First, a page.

The History of Physical Fitness
Fitness, as we know it today, seems to be a relatively modern invention – something that started vaguely in the 70s with jogging and Jazzercise. But physical exercise obviously goes back much further than that, to a time where people wouldn’t have thought of it as working out, but rather a way of life. Centuries and millennia ago, they did not have all the machines and weights and gyms that we have today, and yet they were in better shape than we are. To understand why this is, how we got to our modern fitness culture, and what we have lost along the way, it’s helpful to take a look at the history of exercise.
Primal Times: Move For Your Life!
From the dawn of humankind to around 10,000 BC, men had a constant voice in the back of their head saying, “Run for your life!” Physical development followed a natural path that was determined by the practical demands of life in a wild landscape as well as the vital need to avoid threats and seize opportunities for survival.
One’s movement demands consisted of locomotion, the manipulation of tools and natural objects (rocks, tree limbs, etc.), and defense. To survive in a harsh environment full of natural and human obstacles and enemies, early man had to know not only how to run, but also walk, balance, jump, crawl, climb, lift, carry, throw and catch things, and fight. We can also safely assume that playful or creative moves like early forms of dancing were performed when bellies were full and predators weren’t around.
“Any idea how many calories we’ve burned?”
The strength and mobility of early man was not developed through structured programs, methods, or schedules, but rather was forged by the daily, instinctive, necessity-driven practice of highly practical and adaptable movement skills. Today, the few hunter-gatherer tribes which still exist around the world would have no idea what “primal fitness” or a “caveman workout” is, as this kind of “exercise” remains deeply ingrained in their everyday lives.
In hunter-gatherer tribes, everyone had to be strong — men, women, and children alike. Here we see walking, balancing, and carrying — all at once. It doesn’t get any more “functional” than this.
Neolithic Times: Crop Culture
Starting between 10,000 and 8,000 BC, the Agricultural Revolution is often considered to be the dawn of civilization.
Man’s transition from nomadic hunter-gatherer to farmer led to dramatic changes in his physical activity. The numerous demands of growing food and raising cattle meant a lot of chores and a lot of daily labor for farmers. But these tasks were largely repetitive, and required a very limited range of movement. At the same time, the need for performing a variety of complex movements — running, balancing, jumping, crawling, climbing — greatly diminished. Such movements were rarely performed in a farm environment, or were performed in much simpler ways; for example, climbing a ladder is safer and more constrained and predictable than climbing trees.
Ancient Times: Prepared for War
Between 4,000 BC and the fall of the Roman Empire in 476 AD, civilizations rose and fell through war and conquest. Assyrians, Babylonians, Egyptians, Persians, and later on, the Greeks and Romans all imposed physical training on boys and young men. The purpose? Preparing for battle.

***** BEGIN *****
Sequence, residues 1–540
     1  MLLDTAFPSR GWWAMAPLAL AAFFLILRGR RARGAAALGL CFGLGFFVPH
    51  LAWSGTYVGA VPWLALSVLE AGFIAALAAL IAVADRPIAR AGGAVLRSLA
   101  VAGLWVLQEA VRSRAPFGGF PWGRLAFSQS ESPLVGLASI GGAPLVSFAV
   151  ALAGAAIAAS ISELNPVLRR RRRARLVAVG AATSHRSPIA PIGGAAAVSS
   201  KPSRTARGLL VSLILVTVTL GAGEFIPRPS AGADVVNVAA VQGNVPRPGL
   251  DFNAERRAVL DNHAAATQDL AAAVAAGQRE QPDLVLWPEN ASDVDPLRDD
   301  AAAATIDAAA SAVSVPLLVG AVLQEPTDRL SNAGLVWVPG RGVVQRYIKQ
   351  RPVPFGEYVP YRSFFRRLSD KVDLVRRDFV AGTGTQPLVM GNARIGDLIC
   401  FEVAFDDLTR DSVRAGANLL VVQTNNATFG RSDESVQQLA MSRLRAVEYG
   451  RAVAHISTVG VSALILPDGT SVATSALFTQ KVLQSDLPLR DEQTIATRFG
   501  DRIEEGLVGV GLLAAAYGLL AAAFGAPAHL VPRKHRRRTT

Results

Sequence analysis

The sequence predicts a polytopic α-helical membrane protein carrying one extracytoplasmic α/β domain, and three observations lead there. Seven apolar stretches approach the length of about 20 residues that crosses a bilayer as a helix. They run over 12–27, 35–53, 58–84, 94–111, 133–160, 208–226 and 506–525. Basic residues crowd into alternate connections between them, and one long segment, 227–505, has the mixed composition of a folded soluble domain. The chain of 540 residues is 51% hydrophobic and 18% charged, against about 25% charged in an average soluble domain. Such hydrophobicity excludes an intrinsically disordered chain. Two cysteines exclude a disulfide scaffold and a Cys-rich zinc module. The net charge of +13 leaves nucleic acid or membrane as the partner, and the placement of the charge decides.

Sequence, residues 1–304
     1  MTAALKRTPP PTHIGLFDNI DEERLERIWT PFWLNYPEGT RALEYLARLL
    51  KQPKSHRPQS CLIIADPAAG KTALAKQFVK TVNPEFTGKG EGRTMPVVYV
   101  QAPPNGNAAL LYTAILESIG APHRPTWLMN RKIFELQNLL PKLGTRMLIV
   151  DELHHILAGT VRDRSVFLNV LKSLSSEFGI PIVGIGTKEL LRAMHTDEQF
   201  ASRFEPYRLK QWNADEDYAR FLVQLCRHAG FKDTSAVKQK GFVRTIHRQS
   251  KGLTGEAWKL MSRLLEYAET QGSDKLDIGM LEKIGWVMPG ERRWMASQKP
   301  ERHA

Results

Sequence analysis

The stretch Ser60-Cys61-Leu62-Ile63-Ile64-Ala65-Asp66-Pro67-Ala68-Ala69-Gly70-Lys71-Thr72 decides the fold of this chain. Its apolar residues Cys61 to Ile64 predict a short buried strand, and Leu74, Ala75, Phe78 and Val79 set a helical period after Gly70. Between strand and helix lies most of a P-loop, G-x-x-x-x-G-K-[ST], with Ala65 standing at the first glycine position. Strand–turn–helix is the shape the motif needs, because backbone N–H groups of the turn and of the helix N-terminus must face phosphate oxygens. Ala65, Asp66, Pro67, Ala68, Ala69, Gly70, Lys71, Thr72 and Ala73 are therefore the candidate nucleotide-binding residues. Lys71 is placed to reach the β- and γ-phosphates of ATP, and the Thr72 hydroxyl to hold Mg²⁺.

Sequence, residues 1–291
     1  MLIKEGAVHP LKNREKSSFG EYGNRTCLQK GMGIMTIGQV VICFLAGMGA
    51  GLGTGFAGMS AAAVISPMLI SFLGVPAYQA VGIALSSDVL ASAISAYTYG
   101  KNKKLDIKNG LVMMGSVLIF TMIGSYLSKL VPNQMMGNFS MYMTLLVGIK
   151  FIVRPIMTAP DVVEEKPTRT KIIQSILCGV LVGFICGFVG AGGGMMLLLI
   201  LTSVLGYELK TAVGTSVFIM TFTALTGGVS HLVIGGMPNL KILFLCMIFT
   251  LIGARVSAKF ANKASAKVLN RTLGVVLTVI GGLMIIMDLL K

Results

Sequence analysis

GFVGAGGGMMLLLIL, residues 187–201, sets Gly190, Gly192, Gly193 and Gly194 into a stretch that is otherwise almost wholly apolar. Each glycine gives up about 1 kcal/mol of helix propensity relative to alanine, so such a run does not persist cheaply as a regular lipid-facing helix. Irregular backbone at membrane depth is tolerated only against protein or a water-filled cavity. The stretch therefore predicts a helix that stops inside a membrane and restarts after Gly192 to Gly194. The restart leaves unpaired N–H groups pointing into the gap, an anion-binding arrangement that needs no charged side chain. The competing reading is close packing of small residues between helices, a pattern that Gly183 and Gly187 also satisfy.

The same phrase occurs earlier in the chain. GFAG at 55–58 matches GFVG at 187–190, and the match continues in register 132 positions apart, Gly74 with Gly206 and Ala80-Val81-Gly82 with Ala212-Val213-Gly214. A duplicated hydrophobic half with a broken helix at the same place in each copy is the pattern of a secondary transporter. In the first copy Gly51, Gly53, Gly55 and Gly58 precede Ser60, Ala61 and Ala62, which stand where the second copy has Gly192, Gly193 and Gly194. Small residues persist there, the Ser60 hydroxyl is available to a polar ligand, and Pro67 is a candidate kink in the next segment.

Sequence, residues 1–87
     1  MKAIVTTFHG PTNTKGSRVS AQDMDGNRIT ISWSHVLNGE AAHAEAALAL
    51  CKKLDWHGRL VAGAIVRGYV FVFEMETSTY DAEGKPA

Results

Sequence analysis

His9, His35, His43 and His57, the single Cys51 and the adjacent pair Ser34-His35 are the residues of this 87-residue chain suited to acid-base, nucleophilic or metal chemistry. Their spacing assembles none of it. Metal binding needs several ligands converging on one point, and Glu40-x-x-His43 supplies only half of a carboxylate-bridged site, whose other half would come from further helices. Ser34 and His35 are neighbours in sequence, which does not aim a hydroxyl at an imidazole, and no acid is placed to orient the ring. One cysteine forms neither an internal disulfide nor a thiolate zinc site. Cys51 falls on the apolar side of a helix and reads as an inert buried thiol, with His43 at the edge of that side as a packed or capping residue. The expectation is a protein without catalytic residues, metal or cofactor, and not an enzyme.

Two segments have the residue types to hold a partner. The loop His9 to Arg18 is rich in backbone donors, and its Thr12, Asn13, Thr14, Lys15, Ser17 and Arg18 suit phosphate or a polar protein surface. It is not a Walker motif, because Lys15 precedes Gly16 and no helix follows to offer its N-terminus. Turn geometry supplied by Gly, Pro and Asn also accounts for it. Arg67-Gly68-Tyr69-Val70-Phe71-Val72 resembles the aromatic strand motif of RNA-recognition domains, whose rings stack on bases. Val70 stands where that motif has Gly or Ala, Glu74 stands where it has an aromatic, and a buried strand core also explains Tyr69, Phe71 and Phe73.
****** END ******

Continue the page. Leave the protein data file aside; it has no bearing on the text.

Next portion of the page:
Ancient military training had similarities to the movements performed in nature by our cavemen brethren, but with more structure and a different end goal. Young men practiced fundamental skills such as walking and running on uneven terrains, jumping, crawling, climbing, lifting and carrying heavy things, throwing and catching, unarmed fighting, and weapons training.
Civilized populations valued physical culture for sports as well. Records of athletic competitions exist from ancient Egypt, and of course, the ancient Greeks famously created the first Olympic games. Not surprisingly, these early sports were all based on practical, natural movement skills and were fundamentally related to the preparedness needed for war — the Greeks strove to best each other in running (sometimes with armor and shield), jumping, throwing (javelin or discus), and fighting (striking and wrestling).
The images above demonstrate the sports the Greeks trained for and competed in during their Olympics games. The events concentrated on natural movements, like running, and martial skills, like fighting.
Outside of military training and sports, Greeks, and later the Romans, celebrated the body’s beauty and strength and embraced physical training as a philosophical ideal and an essential part of a complete education. They celebrated the idea of having a sound mind, in a sound body. Physical culture started to rise beyond practical necessities to become a means to an end — an “art de vivre.”
Remains of a “gymnasia,” an early version of our modern gyms.
Antique sculpture representing ideal athleticism.
The Dark Ages: The Rejection of the Body
Lasting from the 5th to the 15th century, the Middle Ages were a chaotic period with a succession of kingdoms and empires, waves of barbarian invasions, and devastating plagues. The teachings of Christianity spread the belief that the primary concern of one’s lifetime was preparing for the afterlife. The body was seen as sinful and unimportant — it was a man’s soul that was his true essence. Education was overwhelmingly connected to the Church, and focused on cultivating the mind rather than training the body.